Aggressive periodontitis

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Aggressive periodontitis describes a type of periodontal disease and includes two of the seven classifications of periodontitis:[1]

  1. Localized aggressive periodontitis (LAP)
  2. Generalized aggressive periodontitis (GAP)

Aggressive periodontitis is much less common than chronic periodontitis and generally affects younger patients than does the chronic form.[2][3]

The localized and generalized forms are not merely different in extent; they differ in etiology and pathogenesis.


In contrast to chronic periodontitis, primary features that are common to both LAP and GAP are as follows:[4]

  • except for the presence of periodontal disease, patients are otherwise healthy
  • rapid loss of attachment and bone destruction
  • familial aggregation
  • Depressed neutrophil function.
  • Neutrophils (PMN's) are defective, resulting in depressed chemotaxis and phagocytosis.

Moreover, aggressive periodontitis often presents with the following secondary features:[4]

Localized vs. generalized forms of aggressive periodontitis[edit]

The 1999 Consensus Report published by the American Academy of Periodontology permitted the subdivision of aggressive periodontal disease into localized and generalized forms based on enough individually specific features, as follows:[4]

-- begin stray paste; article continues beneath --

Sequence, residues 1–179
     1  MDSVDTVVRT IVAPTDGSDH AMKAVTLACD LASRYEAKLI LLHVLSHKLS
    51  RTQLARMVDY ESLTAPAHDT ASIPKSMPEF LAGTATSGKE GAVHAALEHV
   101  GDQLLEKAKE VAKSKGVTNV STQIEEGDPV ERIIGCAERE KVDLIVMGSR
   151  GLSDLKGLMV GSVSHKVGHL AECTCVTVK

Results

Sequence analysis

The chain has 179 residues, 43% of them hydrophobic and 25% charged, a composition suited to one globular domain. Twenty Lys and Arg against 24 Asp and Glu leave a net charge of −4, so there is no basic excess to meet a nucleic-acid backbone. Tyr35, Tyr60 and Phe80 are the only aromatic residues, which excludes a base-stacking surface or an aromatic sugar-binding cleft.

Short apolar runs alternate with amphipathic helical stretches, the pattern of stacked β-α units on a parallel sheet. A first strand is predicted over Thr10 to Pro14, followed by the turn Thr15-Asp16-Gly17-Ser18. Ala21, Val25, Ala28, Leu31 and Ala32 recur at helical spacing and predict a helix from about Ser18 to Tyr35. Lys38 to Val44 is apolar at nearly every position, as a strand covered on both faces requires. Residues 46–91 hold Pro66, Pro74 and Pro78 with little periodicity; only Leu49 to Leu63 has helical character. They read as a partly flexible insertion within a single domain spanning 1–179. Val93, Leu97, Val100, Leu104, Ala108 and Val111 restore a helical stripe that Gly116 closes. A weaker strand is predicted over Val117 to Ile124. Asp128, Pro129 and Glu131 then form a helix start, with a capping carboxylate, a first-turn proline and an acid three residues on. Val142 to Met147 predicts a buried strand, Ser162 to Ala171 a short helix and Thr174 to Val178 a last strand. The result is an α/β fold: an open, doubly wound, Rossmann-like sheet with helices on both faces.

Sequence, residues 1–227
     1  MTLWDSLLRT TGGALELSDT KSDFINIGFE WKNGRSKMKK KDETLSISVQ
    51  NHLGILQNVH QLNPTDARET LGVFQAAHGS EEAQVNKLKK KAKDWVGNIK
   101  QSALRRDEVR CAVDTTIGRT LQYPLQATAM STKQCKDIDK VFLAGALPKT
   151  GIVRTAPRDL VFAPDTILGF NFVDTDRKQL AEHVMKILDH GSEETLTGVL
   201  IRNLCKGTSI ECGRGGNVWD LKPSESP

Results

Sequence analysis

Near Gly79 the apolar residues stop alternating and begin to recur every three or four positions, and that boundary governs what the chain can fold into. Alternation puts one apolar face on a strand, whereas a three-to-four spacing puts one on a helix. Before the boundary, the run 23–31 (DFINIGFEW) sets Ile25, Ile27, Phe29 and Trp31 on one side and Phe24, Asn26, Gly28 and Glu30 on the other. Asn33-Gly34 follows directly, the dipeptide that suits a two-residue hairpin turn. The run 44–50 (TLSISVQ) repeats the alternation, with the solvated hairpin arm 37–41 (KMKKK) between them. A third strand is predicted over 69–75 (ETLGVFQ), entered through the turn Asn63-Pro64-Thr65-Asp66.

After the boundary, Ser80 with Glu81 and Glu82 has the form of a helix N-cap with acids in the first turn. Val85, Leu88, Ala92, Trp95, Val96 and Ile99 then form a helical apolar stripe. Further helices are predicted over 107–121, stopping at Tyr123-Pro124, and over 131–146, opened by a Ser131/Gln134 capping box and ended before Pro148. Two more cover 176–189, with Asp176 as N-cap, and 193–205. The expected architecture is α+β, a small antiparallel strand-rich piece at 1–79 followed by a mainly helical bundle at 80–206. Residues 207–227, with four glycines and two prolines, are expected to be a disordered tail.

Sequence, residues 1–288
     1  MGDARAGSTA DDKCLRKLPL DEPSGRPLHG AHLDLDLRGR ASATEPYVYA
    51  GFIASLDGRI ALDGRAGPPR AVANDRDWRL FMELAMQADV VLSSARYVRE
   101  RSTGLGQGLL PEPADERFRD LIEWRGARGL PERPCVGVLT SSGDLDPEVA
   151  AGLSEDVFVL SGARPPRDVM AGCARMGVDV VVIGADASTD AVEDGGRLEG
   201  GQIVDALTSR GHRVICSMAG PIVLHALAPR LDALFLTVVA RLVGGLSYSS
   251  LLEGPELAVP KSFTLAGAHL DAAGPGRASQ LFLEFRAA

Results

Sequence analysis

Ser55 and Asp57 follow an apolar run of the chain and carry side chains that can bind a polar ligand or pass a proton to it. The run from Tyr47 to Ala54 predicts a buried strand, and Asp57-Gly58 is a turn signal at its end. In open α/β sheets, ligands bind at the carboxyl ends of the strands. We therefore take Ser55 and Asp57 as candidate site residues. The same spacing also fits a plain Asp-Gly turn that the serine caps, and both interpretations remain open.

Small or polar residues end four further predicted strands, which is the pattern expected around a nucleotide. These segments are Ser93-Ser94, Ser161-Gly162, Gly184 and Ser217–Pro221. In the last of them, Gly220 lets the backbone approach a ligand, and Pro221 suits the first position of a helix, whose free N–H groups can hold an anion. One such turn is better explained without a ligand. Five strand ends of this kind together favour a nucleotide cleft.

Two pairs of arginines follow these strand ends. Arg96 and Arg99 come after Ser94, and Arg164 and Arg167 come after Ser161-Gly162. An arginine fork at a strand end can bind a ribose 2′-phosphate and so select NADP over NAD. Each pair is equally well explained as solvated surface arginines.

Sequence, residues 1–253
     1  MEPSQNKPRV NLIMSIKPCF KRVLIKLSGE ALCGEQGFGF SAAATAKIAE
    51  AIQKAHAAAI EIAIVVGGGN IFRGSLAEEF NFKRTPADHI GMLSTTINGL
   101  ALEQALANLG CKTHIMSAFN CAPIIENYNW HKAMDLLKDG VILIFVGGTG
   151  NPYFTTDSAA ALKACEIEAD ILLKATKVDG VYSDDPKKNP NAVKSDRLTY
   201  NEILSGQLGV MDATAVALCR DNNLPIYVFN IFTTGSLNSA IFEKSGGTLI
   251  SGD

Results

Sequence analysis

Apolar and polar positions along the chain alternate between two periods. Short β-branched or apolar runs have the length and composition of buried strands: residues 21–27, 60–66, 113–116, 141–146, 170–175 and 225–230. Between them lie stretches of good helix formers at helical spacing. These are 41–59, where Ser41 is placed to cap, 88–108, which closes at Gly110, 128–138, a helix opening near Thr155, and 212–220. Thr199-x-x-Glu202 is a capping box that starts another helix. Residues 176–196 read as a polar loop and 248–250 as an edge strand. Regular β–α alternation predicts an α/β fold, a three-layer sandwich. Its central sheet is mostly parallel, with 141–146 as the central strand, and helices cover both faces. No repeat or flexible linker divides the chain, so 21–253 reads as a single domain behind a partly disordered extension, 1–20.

• Localized aggressive periodontitis
  • Generalized aggressive periodontitis
    • usually affects patients under 30 years of age
    • poor serum antibody response to infective agents
    • pronounced episodic nature of periodontal destruction
    • generalized presentation affecting at least 3 permanent teeth other than first molars and incisors.
    • More bony destruction and more rapid than the LAP
    • Bleeding, deep pocketing (BPE 4), Periodontal abscess. No gingival inflammation

Severity of periodontal tissue destruction is subclassified in the same fashion as is chronic periodontitis.


Treatment generally involves mechanical therapy (non-surgical or surgical debridement) in conjunction with antibiotics. Several studies suggest that these types of cases respond best to a combination of surgical debridement and antibiotics. Regenerative therapy with bone grafting procedures are often selected in these cases due to the favorable morphology of the bony defects which result from the disease.

Aggregatibacter actinomycetemcomitans (Aa) is one of the most efficient causative pathogens in this disease, Tetracycline seems affecting Aa better (250 mg 3 times daily for 2 weeks). However some suggests the use of Metronidazole 400 mg and Amoxicillin 250 mg 4 times daily for 1 week in severe cases. Root planing and maintaining good oral hygiene is required and Periodontal surgery to gain more access to the roots is needed occasionally.


  1. ^ Armitage GC (December 1999). "Development of a classification system for periodontal diseases and conditions". Ann. Periodontol. 4 (1): 1–6. doi:10.1902/annals.1999.4.1.1. PMID 10863370. 
  2. ^ Albandar JM, Tinoco EM (2002). "Global epidemiology of periodontal diseases in children and young persons". Periodontol. 2000. 29: 153–76. PMID 12102707. 
  3. ^ Papapanou PN (November 1996). "Periodontal diseases: epidemiology". Ann. Periodontol. 1 (1): 1–36. PMID 9118256. 
  4. ^ a b c American Academy of Periodontology (1999). "Consensus report: Aggressive Periodontitis". Ann. Periodontol. 4 (1): 53. doi:10.1902/annals.1999.4.1.53. 
  5. ^ AAP In-Service Exam, 2008-B40